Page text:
{1} Captain William Gates Leduc, later XI Corps Quartermaster, ended the war as a brigadier general. He went on to become the fifth Commissioner of Agriculture and in that post established the Division of Veterinary Science and organized the Division of Forestry. He died in Hastings, Minnesota in 1917. Biographical sketch from the National Agricultural Library, U.S. Department of Agriculture.
{2} Captain Oliver Wendell Holmes, Jr. 20th Massachusetts. The regiment, sometimes referred to as the Harvard Regiment, was part of Napoleon J.T. Dana's Brigade, and stood approximately 60 feet behind the 15th Massachusetts and the 82nd New York in the West Woods. Cope-Carmen Map, 1908.
{3} Telegram from William Leduc to Oliver Wendell Holmes, Harvard Law School Library; Oliver Wendell Holmes, Soundings from the Atlantic (Boston: Ticknor and Fields, 1864), p 24 (hereafter, Soundings).
{4} Lt. Colonel Wilder Dwight (1833-1862) did not survive his wounds and died in Boonsboro on September 19. His father, upon arriving in Baltimore, received a telegram telling him that his son's remains were on their way to him there. (Soundings, 37; biographical information at Brian Downey's definitive Antietam web site, Antietam on the Web, at; Soundings, p. 25.
{5} Dr. George H. Gay was a prominent Boston surgeon. William Richard Cutter, William Frederick Adams, Genealogical and Personal Memoirs Relating to the Families of the State of Massachusetts (Boston: Lewis Historical Publishing, 1910), p. 2676.
{6} Soundings, pp. 34-35.
{7} Dr. Edward Hutchinson Robbins Revere, was the older brother of Major Paul Revere. A graduate of Harvard Medical School (1849), maintained a practice in Greenfield, Massachusetts at the outbreak of the war. He was "performing field surgery when he suddenly found himself in front. He remained and calmly finished the operation before he was shot and killed." Richard F. Miller, Harvard's Civil War: A History of the Twentieth Massachusetts (Lebanon, N.H., University Press of New England, 2005), pp. 25-26, 177; Soundings, p. 41.
{8} Soundings, 45-46.

(Image 1) Oliver Wendell Holmes, Sr. in 1862 and (Image 2) Oliver Wendell Holmes, Jr., ca. 1861 (Harvard Law School Library Digital Collection).

Thursday, June 10, 2010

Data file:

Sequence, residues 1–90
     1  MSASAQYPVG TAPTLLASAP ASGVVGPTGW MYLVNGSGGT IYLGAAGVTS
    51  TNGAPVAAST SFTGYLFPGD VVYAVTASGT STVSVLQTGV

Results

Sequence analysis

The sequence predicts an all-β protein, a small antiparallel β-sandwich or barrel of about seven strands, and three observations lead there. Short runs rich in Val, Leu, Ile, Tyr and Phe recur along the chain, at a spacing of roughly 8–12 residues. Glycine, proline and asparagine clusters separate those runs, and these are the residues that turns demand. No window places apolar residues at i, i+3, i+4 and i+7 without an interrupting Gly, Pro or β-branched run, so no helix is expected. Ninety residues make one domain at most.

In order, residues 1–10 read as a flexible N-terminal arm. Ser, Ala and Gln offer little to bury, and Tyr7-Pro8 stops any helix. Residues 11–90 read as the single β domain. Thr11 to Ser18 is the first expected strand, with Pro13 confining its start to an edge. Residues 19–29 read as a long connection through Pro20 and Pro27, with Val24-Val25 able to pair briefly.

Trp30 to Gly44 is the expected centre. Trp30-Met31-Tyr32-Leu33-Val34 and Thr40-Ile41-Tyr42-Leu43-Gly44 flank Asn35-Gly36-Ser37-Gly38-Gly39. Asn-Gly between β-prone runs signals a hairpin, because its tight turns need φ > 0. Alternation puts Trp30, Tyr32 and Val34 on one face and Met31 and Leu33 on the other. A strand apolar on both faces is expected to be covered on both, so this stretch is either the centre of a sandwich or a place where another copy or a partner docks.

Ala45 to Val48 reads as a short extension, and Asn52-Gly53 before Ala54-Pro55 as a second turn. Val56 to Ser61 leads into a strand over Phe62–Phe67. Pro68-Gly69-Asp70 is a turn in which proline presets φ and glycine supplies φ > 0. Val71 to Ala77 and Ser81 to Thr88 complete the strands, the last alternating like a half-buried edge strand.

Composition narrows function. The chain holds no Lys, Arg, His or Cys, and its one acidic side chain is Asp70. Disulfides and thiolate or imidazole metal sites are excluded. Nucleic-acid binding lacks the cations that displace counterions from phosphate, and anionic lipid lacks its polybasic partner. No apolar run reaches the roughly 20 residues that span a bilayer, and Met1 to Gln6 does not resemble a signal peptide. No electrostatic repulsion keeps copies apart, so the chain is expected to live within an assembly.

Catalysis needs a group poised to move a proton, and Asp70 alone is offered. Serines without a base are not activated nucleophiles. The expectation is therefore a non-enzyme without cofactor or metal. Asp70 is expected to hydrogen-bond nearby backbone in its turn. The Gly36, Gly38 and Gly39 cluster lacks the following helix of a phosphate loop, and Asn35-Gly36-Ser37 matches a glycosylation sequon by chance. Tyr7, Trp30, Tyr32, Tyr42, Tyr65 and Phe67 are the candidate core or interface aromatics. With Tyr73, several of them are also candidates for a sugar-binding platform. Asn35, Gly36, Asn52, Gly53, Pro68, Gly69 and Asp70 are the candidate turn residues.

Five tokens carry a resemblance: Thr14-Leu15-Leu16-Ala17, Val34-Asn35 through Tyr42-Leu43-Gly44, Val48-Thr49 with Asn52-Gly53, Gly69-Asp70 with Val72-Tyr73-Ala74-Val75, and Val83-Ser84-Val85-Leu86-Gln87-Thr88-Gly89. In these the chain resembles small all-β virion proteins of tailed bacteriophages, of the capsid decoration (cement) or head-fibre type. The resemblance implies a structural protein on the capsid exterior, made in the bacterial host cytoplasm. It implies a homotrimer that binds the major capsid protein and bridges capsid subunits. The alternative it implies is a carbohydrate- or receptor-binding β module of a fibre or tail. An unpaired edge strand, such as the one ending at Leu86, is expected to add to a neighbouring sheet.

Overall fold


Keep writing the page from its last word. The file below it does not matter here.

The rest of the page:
Recovering Fence Lines

Sometime in the 1930s an aerial photograph was made of the battlefield looking eastward in the direction of the New York monument and the Dunkard Church (second illustration).

Although the West Woods had been cleared and the land turned to agricultural use, the original fence lines depicted in the Cope-Carmen map were still visible.

In the intervening years, these fence lines were nearly obliterated by agricultural and residential development. Using the Cope-Carmen map, the aerial photo, and a 2010 Google Earth image, we can once again locate the nearly vanished original fence lines.

Here is how it was done. First the Cope-Carmen map (first illustration) is marked with letter coordinates (A-G, H) with F marking the Dunkard Church and H marking the location of the Maryland Monument.

Next the letter coordinates and unit locations (using the Cope-Carmen map) were marked on the aerial photo. Note that the map is oriented North while the aerial photo is oriented East.

G.T. Anderson's position and the positions of the 7th, 8th, and 2nd South Carolina are shown here.

Finally, an image of the same ground from Google Earth was downloaded.

Using the Cope-Carmen and the 1930s aerial map, the letter coordinates were layered onto the Google Earth image (third illustration).

Next, following the traces of the original fence lines marked by small trees and other growth, the fence lines were marked on the Google Earth image using transparent gray lines (fourth illustration). The result is a modern "map" of the original fence boundaries.

As with all images on this blog, click once on the image to enlarge.

For those tramping the ground you can now align yourself with the position of Anderson (C - E) and the 2, 7 and 8 South Carolina (straddling North and South of coordinate A).

Thanks to NPS Ranger Alann Schmidt for supplying the aerial photograph.

Saturday, May 1, 2010

The Cope-Carmen Map Revision of 1908

Recently, the Library of Congress posted on its American Memory Project website the 1908 revised Cope-Carman maps of the "Atlas of the battlefield at Antietam" showing the position of troops at various times during September 17.[1] This revision is posted here as the first map image on the left--click to enlarge. The Library had posted the earlier version of the map series--the 1904 series[2]--on its website some years ago--this is posted here as the second map image--click to enlarge.